Similar Questions with Answers
Question: 32 weeks pregnant sudenly gumpain what I should take medicine in this situation
Answer: Hi dear,
Blame the pregnancy hormones for gum infections.women tend to get quite frequent teeth and gums infections during pregnancy.
Pregnancy involves lots of hormonal changes. Due to this gums become soft and spongy and tend to bleed easily if proper oral hygiene is not maintained.
1-Maintain a good oral hygiene by means of brushing, flossing, mouthwashes etc
2-Frequent snacking, this is commonly seen during pregnancy. Frequent snacks and drinks especially sweet ones can lead to tooth decay. Switch over to snacks that are low in sugar, fat & salt and high in fiber content.
3- Drinks such as water and milk are recommended. Rinse your mouth with water if you can’t brush after every snack
3- Calcium is very important for your baby’s teeth. During fourth month of pregnancy your baby’s teeth and bones begin to calcify. The calcium and phosphorous needed for this comes from the food you eat and if necessary from your bones. These minerals are best obtained by eating more dairy foods.
4-Dental procedures, certain antibiotics like Tetracycline can cause damage to your baby’s developing teeth. So it’s very important that you inform your doctor about your pregnancy. Visit your dentist for a regular check up and cleaning.
5- include lots of vitamin C in diet.vitamin C is the best for gum health.
Question: Hi i m 11 weeks pregnant but now my sugar is high.. what precautions should i take...
Answer: Hello dear.
Gestational diabetes is a condition in which a women without diabetes, will have higher blood sugar in pregnancy. Please don't get worried dear,
It will not harm your baby ,if you maintain a steady amount of sugar in your blood.with proper diet and exercise it can be controlled,and you will produce a healthy baby.... These are few stragies can be followed to control blood sugar
Limit the intake of corbohydrate in your diet , avoid to have white rice ,you can have rice in millet varieties
Include more proteins in your diet,that includes dairy products,lean chicken, fish , lentils, nuts and seeds
Take lot of vegetables in your diet, avoid starchy vegetables like potatoes , peas ... Because it will increase the sugar level. Intake of fiber rich fruits like apples,pears , guava will help a lot,avoid banana,mango, jackfruit will increase blood sugar value
Avoid sugar, caffeine, soft drinks, pastries,oil fried food
Regular exercise in pregnancy will keep your sugar in control,go for mild walk morning and evening
Make yourself engaged in some activities
Try maternity yoga, don't get stressed, relaxed and be happy, have a safe and happy pregnancy..
Question: hello This is my first month of pregnancy ...plz tell me what precautions should I take??
Answer: These early months of pregnancy are critical for your baby's development. Taking a few key steps now can help protect your baby's health and your own. (Read our complete list of steps for a healthy pregnancy.)
Get early prenatal care and keep up with your appointments. Good prenatal care is essential to your baby's health – and to yours. At your first prenatal visit(usually around eight weeks) you'll be screened for certain conditions that could lead to complications.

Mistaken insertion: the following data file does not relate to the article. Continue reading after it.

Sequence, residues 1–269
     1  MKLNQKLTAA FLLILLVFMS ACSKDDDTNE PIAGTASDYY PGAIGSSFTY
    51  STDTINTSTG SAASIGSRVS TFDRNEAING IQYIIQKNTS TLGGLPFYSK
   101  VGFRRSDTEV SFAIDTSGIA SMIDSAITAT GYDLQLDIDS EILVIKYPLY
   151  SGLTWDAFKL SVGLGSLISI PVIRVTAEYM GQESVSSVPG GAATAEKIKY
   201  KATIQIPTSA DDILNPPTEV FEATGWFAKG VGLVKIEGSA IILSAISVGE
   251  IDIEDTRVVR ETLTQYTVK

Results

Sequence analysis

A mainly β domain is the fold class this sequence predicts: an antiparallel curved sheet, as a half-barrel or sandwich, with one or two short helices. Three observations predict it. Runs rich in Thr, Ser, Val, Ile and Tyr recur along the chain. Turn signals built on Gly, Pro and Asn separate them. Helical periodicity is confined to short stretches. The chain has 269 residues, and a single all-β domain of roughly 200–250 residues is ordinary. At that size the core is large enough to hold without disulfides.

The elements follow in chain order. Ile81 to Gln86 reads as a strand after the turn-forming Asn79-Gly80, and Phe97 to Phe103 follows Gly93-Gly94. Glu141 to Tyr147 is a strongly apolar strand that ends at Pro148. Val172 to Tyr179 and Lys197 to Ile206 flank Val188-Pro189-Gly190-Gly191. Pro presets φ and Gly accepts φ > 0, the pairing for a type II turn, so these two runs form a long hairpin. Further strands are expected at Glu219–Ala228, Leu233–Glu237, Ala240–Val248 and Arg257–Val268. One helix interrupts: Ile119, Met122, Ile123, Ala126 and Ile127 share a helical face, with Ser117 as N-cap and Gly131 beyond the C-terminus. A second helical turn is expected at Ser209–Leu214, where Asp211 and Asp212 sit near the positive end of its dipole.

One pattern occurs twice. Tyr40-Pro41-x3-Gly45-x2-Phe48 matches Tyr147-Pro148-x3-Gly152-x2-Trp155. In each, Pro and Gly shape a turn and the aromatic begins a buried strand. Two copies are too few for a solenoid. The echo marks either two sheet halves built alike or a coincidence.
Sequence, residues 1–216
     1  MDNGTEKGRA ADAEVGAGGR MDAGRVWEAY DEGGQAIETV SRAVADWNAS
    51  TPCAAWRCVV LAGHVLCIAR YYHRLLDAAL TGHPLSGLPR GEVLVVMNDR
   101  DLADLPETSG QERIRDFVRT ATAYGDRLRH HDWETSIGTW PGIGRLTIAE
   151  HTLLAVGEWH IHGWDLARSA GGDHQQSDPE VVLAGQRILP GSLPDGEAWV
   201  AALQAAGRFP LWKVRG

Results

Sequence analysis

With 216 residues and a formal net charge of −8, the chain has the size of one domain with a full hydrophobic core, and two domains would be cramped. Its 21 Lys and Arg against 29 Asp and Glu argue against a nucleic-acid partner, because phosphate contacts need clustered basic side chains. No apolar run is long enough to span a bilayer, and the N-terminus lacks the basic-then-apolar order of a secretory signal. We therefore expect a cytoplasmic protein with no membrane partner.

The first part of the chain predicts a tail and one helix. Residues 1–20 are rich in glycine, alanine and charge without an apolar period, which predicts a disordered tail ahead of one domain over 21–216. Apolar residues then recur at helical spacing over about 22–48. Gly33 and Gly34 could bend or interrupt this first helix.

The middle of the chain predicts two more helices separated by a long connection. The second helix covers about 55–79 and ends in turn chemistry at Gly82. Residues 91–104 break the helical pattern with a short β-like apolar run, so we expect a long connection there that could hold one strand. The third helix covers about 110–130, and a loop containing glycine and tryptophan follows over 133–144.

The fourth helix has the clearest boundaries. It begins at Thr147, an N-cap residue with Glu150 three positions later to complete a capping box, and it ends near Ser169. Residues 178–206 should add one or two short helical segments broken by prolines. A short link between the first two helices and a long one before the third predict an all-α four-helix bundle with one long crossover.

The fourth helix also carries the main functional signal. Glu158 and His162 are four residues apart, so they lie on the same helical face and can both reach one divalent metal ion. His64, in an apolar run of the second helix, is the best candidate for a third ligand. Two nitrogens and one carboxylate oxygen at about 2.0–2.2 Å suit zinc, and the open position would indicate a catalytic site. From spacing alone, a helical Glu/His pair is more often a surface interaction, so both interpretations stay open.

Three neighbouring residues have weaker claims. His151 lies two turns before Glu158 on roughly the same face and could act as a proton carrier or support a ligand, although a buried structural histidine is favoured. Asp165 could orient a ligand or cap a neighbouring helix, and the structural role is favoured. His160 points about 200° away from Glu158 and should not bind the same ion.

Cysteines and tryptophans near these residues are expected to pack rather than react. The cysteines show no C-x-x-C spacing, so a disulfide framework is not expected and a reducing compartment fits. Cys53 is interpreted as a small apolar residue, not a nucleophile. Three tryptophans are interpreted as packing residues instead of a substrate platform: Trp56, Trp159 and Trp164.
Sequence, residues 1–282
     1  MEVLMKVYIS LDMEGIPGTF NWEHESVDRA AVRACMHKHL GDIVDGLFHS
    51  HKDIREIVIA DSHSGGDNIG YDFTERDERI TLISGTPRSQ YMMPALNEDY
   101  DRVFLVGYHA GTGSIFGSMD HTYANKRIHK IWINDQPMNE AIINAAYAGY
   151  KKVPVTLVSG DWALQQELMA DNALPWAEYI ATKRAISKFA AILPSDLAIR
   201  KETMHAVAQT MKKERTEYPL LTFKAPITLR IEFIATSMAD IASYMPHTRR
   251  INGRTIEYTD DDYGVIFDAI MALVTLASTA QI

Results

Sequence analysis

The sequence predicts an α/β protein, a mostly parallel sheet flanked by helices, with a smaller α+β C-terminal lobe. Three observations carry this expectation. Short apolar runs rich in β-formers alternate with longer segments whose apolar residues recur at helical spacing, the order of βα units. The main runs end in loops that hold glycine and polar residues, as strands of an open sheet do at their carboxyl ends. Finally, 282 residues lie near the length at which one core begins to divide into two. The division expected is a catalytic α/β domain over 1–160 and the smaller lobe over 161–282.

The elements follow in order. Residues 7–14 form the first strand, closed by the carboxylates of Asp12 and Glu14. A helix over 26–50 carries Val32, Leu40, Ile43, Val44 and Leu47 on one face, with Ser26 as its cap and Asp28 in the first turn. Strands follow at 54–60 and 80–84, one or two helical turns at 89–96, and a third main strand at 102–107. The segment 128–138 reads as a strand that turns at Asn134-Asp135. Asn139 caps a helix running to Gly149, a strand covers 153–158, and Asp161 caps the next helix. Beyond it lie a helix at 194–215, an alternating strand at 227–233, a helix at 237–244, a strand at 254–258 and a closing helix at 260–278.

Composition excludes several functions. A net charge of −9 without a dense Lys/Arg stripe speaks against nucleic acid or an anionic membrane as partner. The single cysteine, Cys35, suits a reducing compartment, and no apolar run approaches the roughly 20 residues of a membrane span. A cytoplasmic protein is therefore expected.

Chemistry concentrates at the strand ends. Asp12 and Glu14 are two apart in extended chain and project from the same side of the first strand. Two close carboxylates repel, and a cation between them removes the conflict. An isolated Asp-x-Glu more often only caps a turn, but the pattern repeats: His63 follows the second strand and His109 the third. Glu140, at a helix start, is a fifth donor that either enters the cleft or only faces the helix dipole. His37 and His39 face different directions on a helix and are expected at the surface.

Take your prenatal vitamin. Most prenatal supplements contain more folic acid, iron, and calcium than you'll find in a standard multivitamin. Pregnant women need more of these nutrients. (Don't overdo the vitamins, though; more is not necessarily better and in some cases can be dangerous.)
It's vital to get enough folic acid while trying to conceive and during your first trimester because it greatly reduces your baby's risk of developing neural tube birth defects such as spina bifida.
Consult your healthcare provider about the medications you're taking. Many drugs – even someover-the-counter ones – aren't safe during pregnancy. If you take any medications to treat a chronic condition, don't stop them cold turkey but call your healthcare provider right away to review your medication list and find out what's safe and what's not. Mention everything, even supplements and herbs.
Stop smoking. Smoking increases your risk of a host of problems, including miscarriage, placental problems, and preterm birth. It also slows fetal growth and increases the risk of stillbirth and infant death. Some research has even linked smoking to an increased risk of having a baby with a cleft lip or palate.
It's never too late to quit or cut back. Every cigarette you don't light gives your baby a better chance of being healthy. For help, visit BabyCenter's quitting smoking during pregnancy area.
Stop drinking alcohol. As little as one drink a day can increase the odds of low birth weight and raise your child's risk for problems with learning, speech, attention span, language, and hyperactivity. No one knows exactly how harmful even the smallest amount of alcohol may be to a developing baby, so skip alcohol altogether.
Make sure your home and job are safe. Some jobs or hobbies can be hazardous to you and your developing baby. If you're routinely exposed to chemicals, heavy metals (like lead or mercury), certain biologic agents, or radiation, you'll need to make some changes as soon as possible.
Keep in mind that some cleaning products, pesticides, solvents, and lead in drinking water from old pipes can also be harmful. Talk to your doctor or midwife about your daily routine, so you can come up with ways to avoid or eliminate hazards in your home andworkplace.